I am really interest in a good screen and it seems the lg 5k ultrafine is the best choice (just hope they cut down price on these as they get more popular).
Thanks again for sharing
The LG 34UC98-W is a really really good curved one. Two friends of mine have it. But no retina. The same display is also available in 38″ instead of 34″. The LG 38UC99-W. Another friend has this one. He is also very happy with it.
I personally am still using the 27″ Cinema Display, not even the Thunderbolt one. But it starts to act up. I also have a 24″ Gaming Monitor on my Windows PC.
Ah, forgot, I have the same mouse as you. I’m using the usb dongle, too. Don’t have any problems and think it’s a really great mouse. I use CursorSense to adjust the acceleration, or rather, get rid of it. Feels much better now and it’s much more consistent because you can built up muscle memory. Something I’m used to because of gaming.
Your mouse problems sound like issues with the wireless dongle. While better than just about any other wireless micro-dongle out there, the logitech unified receivers are still touchy. If you don’t have line-of-sight between the mouse and receiver over just a few feet then you’re going to start getting dropped signal. If you stick it behind another electronic like a monitor or your laptop (i.e. your mouse is on the right side of your laptop but your receiver is on the left) forget about it, you’ll be in problems-ville. I wish companies would bring back the thumbdrive sized receivers that had a decent antenna in them.
I thought the new Macbook Pro would be more faster. In contrast, I’m a Windows fan and the new HP Spectre x360 is as good as the Macbook.
Nice review – I love the LG monitor.
I also bought a new MacBook Pro 2016, to replace my mid 2012…
I agree on all your points you made, and I also bought to many adapters, especially the one for my old (mini display port Display) was hard to find…
I didn’t (so glad) use an old Time Machine backup (from 2010-2016) to place my data, I organised well and it was actually a breeze…
I’m amazed you didn’t mention the new keyboard, the feel and sound of it … I can’t get used to it and I don’t understand really why they changed it so dramatically…
Mechanical keyboards are the way to go :)
I find my typing speed and accuracy with them has jumped drastically.
Here’s what I have: https://www.amazon.com/Mechanical-Keyboard-Keycaps-Cherry-Mx-Blue/dp/B00W02J4DA/ref=sr_1_3?s=pc&ie=UTF8&qid=1483107283&sr=1-3&keywords=vortex+pok3r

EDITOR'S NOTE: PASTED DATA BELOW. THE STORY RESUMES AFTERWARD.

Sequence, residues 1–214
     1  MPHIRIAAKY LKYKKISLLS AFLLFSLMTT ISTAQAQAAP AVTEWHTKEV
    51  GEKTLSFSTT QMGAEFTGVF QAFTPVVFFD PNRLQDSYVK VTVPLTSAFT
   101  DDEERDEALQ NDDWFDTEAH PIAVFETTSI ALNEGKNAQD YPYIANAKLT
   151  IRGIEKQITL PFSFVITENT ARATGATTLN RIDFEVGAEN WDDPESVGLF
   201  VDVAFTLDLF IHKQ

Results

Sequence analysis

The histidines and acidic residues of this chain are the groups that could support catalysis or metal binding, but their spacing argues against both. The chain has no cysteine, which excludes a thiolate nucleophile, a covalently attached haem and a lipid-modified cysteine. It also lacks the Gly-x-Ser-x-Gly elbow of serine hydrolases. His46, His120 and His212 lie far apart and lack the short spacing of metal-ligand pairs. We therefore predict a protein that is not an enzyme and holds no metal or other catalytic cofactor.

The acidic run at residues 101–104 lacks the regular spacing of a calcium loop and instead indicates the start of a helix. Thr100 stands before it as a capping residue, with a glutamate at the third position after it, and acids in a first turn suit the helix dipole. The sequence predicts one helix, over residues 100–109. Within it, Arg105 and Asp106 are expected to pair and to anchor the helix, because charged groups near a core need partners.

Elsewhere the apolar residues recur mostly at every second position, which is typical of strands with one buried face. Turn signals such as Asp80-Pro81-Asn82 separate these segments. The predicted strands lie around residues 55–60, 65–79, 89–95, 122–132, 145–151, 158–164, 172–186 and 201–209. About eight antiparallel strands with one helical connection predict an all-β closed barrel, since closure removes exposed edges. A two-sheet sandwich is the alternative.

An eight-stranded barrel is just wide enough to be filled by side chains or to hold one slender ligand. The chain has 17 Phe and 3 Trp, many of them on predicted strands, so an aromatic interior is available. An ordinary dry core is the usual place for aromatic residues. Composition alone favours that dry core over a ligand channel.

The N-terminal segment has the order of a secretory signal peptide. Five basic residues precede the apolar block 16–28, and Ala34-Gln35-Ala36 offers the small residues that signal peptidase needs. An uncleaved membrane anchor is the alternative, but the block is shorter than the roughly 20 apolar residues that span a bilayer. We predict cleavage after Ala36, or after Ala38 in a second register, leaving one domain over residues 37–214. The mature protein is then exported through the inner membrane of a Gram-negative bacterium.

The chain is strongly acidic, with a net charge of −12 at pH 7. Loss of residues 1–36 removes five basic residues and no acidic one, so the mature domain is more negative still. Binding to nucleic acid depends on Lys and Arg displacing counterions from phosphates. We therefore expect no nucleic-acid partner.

Das keyboard has a great mechanical key keyboard for Mac — http://www.daskeyboard.com/products/mechanical-keyboards/
I too have the Bluetooth buggy ray, can relate.
Jesus this was a depressing article for a guy who has an aging Macbook haha.
I am not really particular about hardware, so long as it works I’m happy. My bluetooth headphones are great (Jaybird something-or-others), as long as you don’t care that you need to juggle them between your iPhone/Macbook/iMac/whatever ;)
I still use the Apple Magic Mouse and love it. I have 3 random monitors hooked into my Mac. Utilitarian over here I guess.
But ya… depressing article for someone who may need to do some upgrading and whatnot in the next year seeing as not one thing you bought worked out as you’d have liked. Perhaps I’ve misread things.
Really enjoyed this. I’m running a similar setup. I also bought the new MBP 15 with Touch Bar. Quite happy overall, though have also had some issues: https://hackernoon.com/a-week-with-the-new-macbook-pro-with-touch-pad-126eebb89ac#.qocbxhosq.
I’d suggest trying the Sculpt keyboard instead. It comes with a dongle, is reliable, and has the same keys. I love it. Another win: The number pad is separate, so you can place your mouse closer.
Regarding mouse, I’m surprised you don’t like the Magic Trackpad 2. It’s reliable and the gestures are awesome. And my workflow doesn’t change when I go mobile and use the laptop directly.
I swear by the Logitech Performance MX mouse. No problems at all. I also like the Logitech easy switch keyboard k811, although I had one of these bugout on me and Logitech replaced it for free. No problems with bluetooth. Swear by these. I also go with iMac for the computer. Laptops just don’t last as long. The last iMac I had lasted me 7 years and I sold it for a decent price. Screen is great, hi res etc.
It’s not logical, it’s Logitech. :P Actually, it’s about macOS and Logitech. This happens to me with the Logitech T620 mouse as well: if I use it on macOS sometimes it lags like hell (my Logitech keyboard does, too), if I reboot and use a serious OS (like Fedora or Ubuntu) then it works perfectly.
I’m talking about the same mouse with the same Unifying receiver plugged in the exact same port. Clearly we have to blame the OS which doesn’t provide acceptable support for that mouse even when you install the (useless) Logitech software just to be sure you have all the drivers right. Conversely, Linux makes those mice run perfectly without messing with any driver.
BTW, it’s kinda interesting to see how things vary between countries. According to the links you provided, you spent around 3-4 months of normal wage for a software developer in my country, one of which only for a monitor. I guess things are different there in the USA, because I can’t imagine doing that in Italy every 3 years. :D